Juveniles' susceptibility to suggestion, coupled with their inherent naiveties and immature thought processes, raise considerable doubt as to their ability to understand and exercise their Fifth Amendment right against self-incrimination. Furthermore, they are extremely vulnerable to overimplicating themselves in crimes or, even more unfortunate for all involved, confessing to crimes they did not even commit. To protect the rights and interests of juveniles, states must enact several safeguards. This Note suggests, for example, that courts which currently use a totality of the circumstances test to determine whether a juvenile confession is voluntary, and thus not a violation of the Fifth Amendment, should abandon it in favor of a less-flexible per se rule. Additionally, states need to simplify the Miranda warning into language more conducive to juveniles' comprehension. To increase the reliability of confessions and prevent false confessions altogether, interrogators need to cease using the same interrogation tactics, such as leading questions and the presentation of false evidence, on juveniles as they do on adults.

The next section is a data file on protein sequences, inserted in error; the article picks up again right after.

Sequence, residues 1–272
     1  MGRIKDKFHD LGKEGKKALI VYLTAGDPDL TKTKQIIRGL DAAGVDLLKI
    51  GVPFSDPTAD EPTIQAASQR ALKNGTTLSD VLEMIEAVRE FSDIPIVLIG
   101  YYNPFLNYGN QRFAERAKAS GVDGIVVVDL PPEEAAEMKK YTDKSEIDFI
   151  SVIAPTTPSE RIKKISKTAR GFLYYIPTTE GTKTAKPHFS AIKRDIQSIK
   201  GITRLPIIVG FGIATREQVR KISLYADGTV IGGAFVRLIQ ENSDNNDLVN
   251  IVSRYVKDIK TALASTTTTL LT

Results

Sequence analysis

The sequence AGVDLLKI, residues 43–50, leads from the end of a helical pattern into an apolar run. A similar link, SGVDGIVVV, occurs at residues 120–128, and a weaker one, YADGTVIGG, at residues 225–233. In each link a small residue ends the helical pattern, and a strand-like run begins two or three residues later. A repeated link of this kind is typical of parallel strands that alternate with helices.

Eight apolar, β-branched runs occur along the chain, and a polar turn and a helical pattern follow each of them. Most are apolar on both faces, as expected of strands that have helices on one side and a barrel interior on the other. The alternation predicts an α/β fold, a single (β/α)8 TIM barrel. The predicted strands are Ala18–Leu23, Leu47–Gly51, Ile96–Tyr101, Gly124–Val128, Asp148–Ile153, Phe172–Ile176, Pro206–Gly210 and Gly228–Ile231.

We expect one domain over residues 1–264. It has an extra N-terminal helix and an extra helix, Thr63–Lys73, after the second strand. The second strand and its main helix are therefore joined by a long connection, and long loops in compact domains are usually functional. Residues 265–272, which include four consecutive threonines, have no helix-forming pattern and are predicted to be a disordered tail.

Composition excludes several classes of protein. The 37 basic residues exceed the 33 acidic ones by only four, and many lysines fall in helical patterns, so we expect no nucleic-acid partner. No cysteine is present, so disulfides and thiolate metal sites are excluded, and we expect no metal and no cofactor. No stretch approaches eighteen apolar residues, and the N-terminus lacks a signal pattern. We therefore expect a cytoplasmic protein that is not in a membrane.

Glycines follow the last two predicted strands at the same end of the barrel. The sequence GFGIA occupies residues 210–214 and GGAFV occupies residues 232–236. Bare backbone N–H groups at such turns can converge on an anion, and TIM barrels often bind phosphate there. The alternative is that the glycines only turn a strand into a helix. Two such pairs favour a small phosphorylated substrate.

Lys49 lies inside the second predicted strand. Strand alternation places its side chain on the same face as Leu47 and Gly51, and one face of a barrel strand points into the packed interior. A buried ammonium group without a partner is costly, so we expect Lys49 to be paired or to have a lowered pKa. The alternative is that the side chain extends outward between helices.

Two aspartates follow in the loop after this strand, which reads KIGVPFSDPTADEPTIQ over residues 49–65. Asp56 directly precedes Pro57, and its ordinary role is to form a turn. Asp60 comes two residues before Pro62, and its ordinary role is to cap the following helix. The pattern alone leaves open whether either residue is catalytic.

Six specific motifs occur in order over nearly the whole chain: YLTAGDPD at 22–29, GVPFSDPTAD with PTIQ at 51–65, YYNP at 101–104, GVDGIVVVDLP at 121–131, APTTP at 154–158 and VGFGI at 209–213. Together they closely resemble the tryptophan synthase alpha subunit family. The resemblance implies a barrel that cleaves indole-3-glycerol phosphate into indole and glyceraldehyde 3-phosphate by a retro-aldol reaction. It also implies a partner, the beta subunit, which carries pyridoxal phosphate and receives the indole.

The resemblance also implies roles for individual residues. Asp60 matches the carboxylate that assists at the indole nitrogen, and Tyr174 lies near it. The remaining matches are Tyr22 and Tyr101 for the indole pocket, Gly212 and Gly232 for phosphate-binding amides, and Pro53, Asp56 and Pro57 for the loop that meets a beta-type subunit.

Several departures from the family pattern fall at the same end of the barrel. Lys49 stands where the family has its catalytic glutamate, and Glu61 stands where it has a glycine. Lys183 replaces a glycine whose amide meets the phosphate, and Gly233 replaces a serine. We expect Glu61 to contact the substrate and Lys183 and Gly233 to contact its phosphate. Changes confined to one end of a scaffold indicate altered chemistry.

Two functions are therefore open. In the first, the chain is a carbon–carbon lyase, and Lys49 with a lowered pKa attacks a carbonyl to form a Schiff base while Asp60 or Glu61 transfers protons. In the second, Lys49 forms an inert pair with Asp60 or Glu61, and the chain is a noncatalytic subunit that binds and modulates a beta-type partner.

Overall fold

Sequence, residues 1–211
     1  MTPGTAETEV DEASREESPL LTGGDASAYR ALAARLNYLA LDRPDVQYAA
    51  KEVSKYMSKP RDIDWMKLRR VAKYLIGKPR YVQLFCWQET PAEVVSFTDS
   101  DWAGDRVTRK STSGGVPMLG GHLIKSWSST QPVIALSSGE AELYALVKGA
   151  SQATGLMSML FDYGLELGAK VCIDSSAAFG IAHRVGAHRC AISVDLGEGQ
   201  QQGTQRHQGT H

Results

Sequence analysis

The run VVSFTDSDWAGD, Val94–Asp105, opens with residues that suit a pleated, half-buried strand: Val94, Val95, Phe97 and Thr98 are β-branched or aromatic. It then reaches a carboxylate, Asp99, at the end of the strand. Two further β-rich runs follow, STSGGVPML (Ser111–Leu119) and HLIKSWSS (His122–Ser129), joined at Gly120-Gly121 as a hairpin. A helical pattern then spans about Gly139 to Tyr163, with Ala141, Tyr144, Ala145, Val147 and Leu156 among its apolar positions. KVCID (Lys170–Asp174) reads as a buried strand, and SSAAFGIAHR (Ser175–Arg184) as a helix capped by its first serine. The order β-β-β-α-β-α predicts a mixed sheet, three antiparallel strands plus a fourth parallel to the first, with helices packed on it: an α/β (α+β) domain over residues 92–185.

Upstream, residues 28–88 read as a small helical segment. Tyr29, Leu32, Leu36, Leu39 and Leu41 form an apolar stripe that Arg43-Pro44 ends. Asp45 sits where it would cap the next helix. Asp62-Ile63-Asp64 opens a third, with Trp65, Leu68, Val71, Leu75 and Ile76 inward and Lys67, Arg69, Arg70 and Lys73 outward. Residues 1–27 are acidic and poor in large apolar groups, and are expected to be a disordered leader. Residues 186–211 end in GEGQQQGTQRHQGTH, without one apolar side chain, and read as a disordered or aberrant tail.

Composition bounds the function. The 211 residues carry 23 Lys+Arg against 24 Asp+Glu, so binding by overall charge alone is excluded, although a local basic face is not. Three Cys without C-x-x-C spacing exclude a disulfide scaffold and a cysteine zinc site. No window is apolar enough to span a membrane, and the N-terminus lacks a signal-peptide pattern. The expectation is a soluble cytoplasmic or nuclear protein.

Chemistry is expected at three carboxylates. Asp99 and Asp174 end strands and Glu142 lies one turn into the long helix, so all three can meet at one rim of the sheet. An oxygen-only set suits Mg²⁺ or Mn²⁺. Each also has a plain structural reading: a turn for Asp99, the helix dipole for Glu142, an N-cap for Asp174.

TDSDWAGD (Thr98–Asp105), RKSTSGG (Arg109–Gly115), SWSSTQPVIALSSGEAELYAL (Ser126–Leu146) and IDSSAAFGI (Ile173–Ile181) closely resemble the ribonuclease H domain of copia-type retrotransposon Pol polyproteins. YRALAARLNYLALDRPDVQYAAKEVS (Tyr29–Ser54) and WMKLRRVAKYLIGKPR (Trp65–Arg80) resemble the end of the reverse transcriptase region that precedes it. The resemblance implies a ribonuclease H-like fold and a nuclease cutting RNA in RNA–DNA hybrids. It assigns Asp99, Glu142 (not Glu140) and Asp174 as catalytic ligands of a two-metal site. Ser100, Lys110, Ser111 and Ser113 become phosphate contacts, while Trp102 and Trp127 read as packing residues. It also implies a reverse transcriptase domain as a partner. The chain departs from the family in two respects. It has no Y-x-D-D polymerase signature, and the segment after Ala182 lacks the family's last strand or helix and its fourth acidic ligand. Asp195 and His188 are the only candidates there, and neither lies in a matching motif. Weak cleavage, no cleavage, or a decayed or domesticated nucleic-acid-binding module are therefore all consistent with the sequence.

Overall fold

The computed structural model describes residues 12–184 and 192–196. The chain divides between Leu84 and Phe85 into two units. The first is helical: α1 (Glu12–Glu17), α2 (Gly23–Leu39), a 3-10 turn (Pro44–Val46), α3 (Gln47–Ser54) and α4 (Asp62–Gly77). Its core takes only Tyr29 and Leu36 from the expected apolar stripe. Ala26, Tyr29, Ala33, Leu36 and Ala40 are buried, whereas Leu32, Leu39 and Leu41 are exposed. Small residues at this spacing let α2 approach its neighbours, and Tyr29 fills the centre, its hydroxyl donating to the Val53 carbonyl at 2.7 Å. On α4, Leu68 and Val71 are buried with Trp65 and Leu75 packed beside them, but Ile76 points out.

Lisa M. Krzewinski,
But I Didn't Do It: Protecting the Rights of Juveniles During Interrogation,
B.C. Third World L.J.